Since Budget 2021 was presented for approval in Parliament, the opposition parties have shown all signs of disarray.
In trying to halt its passage, they have seen defeat after defeat starting at policy stage all the way to the third reading of the bill.
Prior to this, the credibility of Pakatan Harapan had been eroded by the claim articulated by the opposition leader that he had the so-called numbers on his side to form the new government.
Since then PH leaders have sought new hope to bring about change in Malaysia. The question that needs to be put forward is whether PH is a distinctive alternative to Perikatan National.
What will make it distinct from PN is if it was to cater not only to ideology and personality-centred supporters but also the diverse younger generation of tomorrow from the peninsular and Sabah and Sarawak.
When PH came to power after the general election, the government was headed by Dr Mahathir Mahathir from Bersatu, which though a small party led the coalition. PKR was split, and the DAP was helpless in the context of Malay politics, in which Bersatu was trying to outplay Umno as the true champion of the Malays. The DAP was perceived as subservient and silent on various issues that were critical to its core supporters.
While changes were made such as lowering the voting age, rooting out corruption, and labour reforms, they were not enough for the impatient supporters, who wanted the government to address issues of ethnicity, human rights and the environment.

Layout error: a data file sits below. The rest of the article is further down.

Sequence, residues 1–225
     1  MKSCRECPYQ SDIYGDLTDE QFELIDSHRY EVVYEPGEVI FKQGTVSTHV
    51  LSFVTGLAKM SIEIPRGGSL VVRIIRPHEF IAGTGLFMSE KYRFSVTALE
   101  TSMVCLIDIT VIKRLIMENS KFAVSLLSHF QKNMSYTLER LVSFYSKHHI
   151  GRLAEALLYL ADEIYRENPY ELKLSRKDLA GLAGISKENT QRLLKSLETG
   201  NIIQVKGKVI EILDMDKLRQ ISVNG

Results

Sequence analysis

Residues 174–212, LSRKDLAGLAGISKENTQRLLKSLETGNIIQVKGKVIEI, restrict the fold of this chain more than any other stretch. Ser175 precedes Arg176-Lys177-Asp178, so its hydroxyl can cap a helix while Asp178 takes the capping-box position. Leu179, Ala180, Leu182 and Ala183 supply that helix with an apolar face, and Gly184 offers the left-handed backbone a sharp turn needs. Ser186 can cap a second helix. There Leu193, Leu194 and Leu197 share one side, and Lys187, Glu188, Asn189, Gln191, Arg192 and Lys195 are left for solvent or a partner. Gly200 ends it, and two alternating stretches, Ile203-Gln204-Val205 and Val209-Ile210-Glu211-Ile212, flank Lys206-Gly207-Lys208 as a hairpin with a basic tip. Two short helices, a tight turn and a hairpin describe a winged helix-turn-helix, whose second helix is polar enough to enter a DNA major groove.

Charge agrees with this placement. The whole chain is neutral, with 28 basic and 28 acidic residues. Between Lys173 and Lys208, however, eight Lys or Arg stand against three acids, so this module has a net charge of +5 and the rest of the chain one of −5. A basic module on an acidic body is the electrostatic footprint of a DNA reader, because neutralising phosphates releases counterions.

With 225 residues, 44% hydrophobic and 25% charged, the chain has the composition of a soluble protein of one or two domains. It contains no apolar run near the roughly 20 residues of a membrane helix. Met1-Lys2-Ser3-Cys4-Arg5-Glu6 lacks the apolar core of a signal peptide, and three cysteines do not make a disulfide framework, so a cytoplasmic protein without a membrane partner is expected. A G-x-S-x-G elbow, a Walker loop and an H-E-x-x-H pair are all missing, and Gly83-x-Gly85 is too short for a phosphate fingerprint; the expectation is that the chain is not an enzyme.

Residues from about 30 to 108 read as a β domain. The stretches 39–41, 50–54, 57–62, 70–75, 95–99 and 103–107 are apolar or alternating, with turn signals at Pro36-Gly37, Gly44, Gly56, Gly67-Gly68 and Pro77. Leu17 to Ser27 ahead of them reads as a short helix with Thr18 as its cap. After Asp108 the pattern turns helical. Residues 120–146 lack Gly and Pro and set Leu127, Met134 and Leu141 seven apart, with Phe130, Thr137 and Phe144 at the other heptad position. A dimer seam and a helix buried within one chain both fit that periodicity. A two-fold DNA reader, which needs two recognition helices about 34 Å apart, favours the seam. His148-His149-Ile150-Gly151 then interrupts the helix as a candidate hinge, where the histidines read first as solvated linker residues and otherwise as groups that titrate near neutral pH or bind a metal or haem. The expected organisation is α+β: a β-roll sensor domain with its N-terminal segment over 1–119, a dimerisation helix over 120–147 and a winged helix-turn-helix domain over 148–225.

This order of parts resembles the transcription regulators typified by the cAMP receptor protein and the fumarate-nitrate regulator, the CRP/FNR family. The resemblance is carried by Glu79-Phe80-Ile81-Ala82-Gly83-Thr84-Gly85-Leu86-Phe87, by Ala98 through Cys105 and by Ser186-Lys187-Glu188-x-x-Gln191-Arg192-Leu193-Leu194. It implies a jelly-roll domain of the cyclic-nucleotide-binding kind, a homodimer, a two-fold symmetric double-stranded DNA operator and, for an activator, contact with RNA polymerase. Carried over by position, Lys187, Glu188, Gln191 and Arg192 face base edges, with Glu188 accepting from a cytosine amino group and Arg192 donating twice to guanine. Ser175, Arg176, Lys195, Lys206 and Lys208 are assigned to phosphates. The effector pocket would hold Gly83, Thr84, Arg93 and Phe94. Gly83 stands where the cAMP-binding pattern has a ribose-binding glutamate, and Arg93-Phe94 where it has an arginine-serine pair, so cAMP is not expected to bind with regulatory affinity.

Instead, there were backtracking and detentions without trial. The government finally lost to the conservative politics of race and religion. The traitors colluded with the other side to form PN, for all intents and purposes an ethno-religious coalition, notwithstanding its token Chinese and Indian members, the MCA and the MIC.
PH’s blunder of handing over the reins to an ethno-centric party such as Bersatu and its questionable characters, who envisioned a mono racial Malaysia, was why true reform, which could have opened a new chapter for Malaysia, was elusive.
What is the way forward for PH?
There are five critical areas that PH should work on to distinguish itself as the alternative to PN or Muafakat Nasional.
It is vital that in working towards the political, social and economic success that it envisages for the people, it should make the people’s wellbeing the primary consideration in all its decisions. Here are the key areas of focus.
1. Politics and ideals of Rukun Negara
Belief in God should translate into a governing vision where human dignity and rights are upheld. This should lead to a Malaysian context where there should be reciprocal empathy between all ethnic communities.
PH has to be bold enough reject ideologies that are inherently ethnic in its negotiation with its partners. This would make it a distinctive entity from PN. Politics should serve the people and should not be about party interests. Local issues should be resolved by local authorities, by elected local government that should be rooted in multi-ethnic solidarity.